Review: The Handmaid’s Tale

CW: rape mention

The Hulu original The Handmaid’s Tale is gory. It will continuously and mercilessly drag you away from your comfort zone and force you to watch the most basic human rights be violated. It’s undeniably a great show – but it does require a stable stomach, as some of the scenes are very hard on the eyes and on the mind. Even as a fan of Black Mirror, I still managed to be terrified of this particular breed of dystopia. This show is basically a Victorian spin-off of Black Mirror.

A quick breakdown:

In the fictional Gilead, an ultra conservative theocratic and totalitarian version of the US, the patriarchy reigns supreme. Offred, formerly known as June, is separated from her husband and daughter, and forcefully assimilated into the new system. The rare blessing of fertility becomes her biggest curse, as she is trained to carry the child of one of the republic’s commanders.

Every month, Offred endures a ritual euphemistically named the Ceremony, in which she is forced to have intercourse with the Commander Waterford while being held by his wife. The show follows her life in this new society, while interweaving it with moments from her old life.

The Handmaid’s Tale is a painful reflection on how flimsy our so-called inalienable rights are and how we need fight everyday to keep them.



Some character highlights:

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5 Types of Freshmen

In life, there are usually two types of people (if you ask me). However, when it comes to freshmen, I’m going to make a case that there are five types I’d like to highlight.

You may not be one of these people, but you’ve definitely met one of them. Here’s a rough guide to these freshmen archetypes (with added quotes, when possible).

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The Search (for Parties)

The speculations begin to gain traction on Thursday. “Will there be a good party going on tomorrow?”. If Freshmen combined all their desire to party into organizing parties, there would be no stopping them. However, it is their Freshman condition that makes this hypothetical scenario impossible.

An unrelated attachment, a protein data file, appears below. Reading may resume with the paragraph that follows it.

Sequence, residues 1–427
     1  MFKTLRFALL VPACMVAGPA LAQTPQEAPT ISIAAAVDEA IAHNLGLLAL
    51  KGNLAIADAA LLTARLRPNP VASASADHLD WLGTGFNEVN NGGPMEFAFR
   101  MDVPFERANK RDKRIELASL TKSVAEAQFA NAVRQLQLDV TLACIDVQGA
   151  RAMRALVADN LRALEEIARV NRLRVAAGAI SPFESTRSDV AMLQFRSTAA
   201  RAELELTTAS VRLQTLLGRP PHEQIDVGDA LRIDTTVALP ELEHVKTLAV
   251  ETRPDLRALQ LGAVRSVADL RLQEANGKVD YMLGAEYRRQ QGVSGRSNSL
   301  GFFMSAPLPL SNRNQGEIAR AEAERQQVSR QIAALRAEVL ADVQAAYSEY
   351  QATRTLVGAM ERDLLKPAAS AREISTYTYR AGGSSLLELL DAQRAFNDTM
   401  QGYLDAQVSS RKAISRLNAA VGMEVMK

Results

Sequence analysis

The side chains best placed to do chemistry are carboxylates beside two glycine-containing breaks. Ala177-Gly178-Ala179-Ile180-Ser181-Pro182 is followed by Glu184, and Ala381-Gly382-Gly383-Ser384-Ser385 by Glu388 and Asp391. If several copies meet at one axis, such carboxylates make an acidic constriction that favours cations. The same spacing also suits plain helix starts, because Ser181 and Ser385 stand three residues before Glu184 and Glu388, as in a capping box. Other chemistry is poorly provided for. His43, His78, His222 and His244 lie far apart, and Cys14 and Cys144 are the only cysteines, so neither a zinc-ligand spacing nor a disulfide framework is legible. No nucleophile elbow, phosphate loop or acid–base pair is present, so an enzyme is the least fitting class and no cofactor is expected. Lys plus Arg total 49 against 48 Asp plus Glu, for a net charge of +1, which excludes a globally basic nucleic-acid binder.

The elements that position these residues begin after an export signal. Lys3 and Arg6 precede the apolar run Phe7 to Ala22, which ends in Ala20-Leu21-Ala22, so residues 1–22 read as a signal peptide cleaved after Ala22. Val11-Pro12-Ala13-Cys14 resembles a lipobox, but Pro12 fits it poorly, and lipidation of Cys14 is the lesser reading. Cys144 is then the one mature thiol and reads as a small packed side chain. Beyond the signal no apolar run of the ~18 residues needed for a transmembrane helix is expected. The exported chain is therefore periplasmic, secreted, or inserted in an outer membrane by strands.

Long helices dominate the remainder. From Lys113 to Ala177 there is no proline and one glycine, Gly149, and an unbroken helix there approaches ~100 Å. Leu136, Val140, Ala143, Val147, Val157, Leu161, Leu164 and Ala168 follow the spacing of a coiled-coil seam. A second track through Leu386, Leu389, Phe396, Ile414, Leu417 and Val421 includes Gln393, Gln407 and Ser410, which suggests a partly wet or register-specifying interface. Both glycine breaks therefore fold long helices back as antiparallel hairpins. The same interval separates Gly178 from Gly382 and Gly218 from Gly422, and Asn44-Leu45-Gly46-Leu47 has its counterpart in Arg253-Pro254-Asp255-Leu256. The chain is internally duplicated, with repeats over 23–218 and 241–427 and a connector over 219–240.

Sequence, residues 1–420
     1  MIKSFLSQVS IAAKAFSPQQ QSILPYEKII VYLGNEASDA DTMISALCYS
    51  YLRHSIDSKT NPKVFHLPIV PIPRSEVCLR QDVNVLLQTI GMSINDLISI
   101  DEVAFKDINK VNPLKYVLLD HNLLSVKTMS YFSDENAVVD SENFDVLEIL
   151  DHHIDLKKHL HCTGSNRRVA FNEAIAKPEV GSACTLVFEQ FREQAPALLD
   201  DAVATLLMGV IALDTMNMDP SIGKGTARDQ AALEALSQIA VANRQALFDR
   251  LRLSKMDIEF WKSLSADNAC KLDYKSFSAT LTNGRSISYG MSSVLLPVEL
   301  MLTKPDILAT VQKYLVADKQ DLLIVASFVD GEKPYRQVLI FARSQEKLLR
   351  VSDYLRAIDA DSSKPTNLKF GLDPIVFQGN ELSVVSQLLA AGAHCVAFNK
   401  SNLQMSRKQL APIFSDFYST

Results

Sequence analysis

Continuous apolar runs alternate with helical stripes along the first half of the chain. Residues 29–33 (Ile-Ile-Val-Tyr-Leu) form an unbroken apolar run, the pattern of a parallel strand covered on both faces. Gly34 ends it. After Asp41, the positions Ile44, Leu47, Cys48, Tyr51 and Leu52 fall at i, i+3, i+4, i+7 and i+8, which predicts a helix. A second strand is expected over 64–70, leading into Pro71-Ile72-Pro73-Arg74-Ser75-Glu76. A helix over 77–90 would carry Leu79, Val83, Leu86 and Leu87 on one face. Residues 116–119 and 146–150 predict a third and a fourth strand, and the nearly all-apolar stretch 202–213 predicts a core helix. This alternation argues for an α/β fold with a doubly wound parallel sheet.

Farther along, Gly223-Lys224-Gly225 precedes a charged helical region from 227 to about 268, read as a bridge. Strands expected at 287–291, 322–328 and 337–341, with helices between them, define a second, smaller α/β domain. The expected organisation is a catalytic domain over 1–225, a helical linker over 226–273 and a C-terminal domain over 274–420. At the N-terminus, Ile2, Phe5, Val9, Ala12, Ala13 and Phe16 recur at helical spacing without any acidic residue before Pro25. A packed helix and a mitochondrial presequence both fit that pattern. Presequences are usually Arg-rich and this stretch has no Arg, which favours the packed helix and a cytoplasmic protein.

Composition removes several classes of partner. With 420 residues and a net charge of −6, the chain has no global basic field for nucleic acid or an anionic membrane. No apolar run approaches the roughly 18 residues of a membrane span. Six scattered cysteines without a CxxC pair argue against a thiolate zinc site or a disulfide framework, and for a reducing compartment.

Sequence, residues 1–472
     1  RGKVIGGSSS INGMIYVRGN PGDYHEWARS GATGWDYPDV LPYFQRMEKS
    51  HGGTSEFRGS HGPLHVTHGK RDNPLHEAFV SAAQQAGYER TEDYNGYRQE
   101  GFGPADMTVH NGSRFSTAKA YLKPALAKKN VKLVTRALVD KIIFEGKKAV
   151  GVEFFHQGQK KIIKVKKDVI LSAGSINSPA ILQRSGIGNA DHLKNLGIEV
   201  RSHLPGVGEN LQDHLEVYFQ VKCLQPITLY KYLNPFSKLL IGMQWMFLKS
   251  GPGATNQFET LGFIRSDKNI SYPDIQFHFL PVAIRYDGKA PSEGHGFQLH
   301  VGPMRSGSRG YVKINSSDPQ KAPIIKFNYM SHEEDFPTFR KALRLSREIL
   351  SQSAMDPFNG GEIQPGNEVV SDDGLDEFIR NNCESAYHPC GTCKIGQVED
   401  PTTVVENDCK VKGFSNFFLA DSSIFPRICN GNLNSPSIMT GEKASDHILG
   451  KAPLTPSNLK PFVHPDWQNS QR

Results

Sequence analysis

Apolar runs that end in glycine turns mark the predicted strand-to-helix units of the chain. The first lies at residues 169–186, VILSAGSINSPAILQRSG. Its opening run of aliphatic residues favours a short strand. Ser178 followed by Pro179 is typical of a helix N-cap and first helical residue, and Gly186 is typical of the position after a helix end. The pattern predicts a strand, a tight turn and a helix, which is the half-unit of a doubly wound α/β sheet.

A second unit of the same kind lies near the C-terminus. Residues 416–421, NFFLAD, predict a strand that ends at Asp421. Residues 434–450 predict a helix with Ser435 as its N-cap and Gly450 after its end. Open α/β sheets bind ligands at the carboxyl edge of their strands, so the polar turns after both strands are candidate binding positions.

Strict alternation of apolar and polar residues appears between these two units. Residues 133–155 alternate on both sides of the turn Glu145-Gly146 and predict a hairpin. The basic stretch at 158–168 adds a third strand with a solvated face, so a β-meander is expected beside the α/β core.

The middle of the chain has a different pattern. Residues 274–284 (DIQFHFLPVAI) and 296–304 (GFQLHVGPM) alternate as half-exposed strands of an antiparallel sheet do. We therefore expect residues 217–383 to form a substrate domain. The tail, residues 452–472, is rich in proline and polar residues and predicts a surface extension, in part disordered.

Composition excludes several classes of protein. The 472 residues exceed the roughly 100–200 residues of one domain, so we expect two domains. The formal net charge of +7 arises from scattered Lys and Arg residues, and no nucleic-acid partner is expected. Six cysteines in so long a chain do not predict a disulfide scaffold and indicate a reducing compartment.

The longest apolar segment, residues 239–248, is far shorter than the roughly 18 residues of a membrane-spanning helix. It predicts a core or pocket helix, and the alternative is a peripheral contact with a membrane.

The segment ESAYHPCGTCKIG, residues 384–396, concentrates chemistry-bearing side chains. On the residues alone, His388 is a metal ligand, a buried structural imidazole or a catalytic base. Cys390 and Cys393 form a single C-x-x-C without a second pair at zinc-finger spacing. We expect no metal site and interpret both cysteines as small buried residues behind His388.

On Friday, social-thirsty Freshmen roam the halls and dark streets seeking stroboscopic lights and deafening beats. The search seems to be the lengthiest part of the night. What could make the actual discovery all the much better doesn’t, as it is usually accompanied by an awful sense of timing.

Countless times, three actually, my friends and I have made the strenuous trek to Perkins searching for a party that did not exist. Or we half-sprinted to Keeney, only to be outrun by DPS. Or, most unfortunately, EMS.

Like forensics analysts, we seem to only find the aftermath of a night (or, more likely, two hours) of booze and loud music. Red solo cups litter the ground and laughter echoes not so shyly into the night, but we never seem to find their birthplace.

“Oh, well. We should probably try again next weekend” becomes the unanimous motto until we finally come across a couple of giggly girls with still active solo cups and follow their trail. Em-Wool’s basement.

As soon as we get in, our senses are flooded by the sounds of hip hop and screamed reactions to beer pong.

“Luana” someone says. The two hours of aimless roaming are suddenly worth it. Someone is pronouncing my name correctly! (Small daily victories of an international student.)

“Bonjour!” continues a fellow Freshman from my French class. “Bonjour!” I answer, laughing at the absurdity of it all and feeling like a modern American parody of Beauty and the Beast. For a moment, I could swear I saw villagers waving their handkerchiefs at me.

“I’ll go get something and will be right back” my classmate concludes drunkenly. Well, I will go too, but probably won’t be right back.

After a night of failed attempts (such as coordinating with the shuttle routes, not to mention all our party woes) but uncountable laughs, my friends and I drag our feet back to our dorms.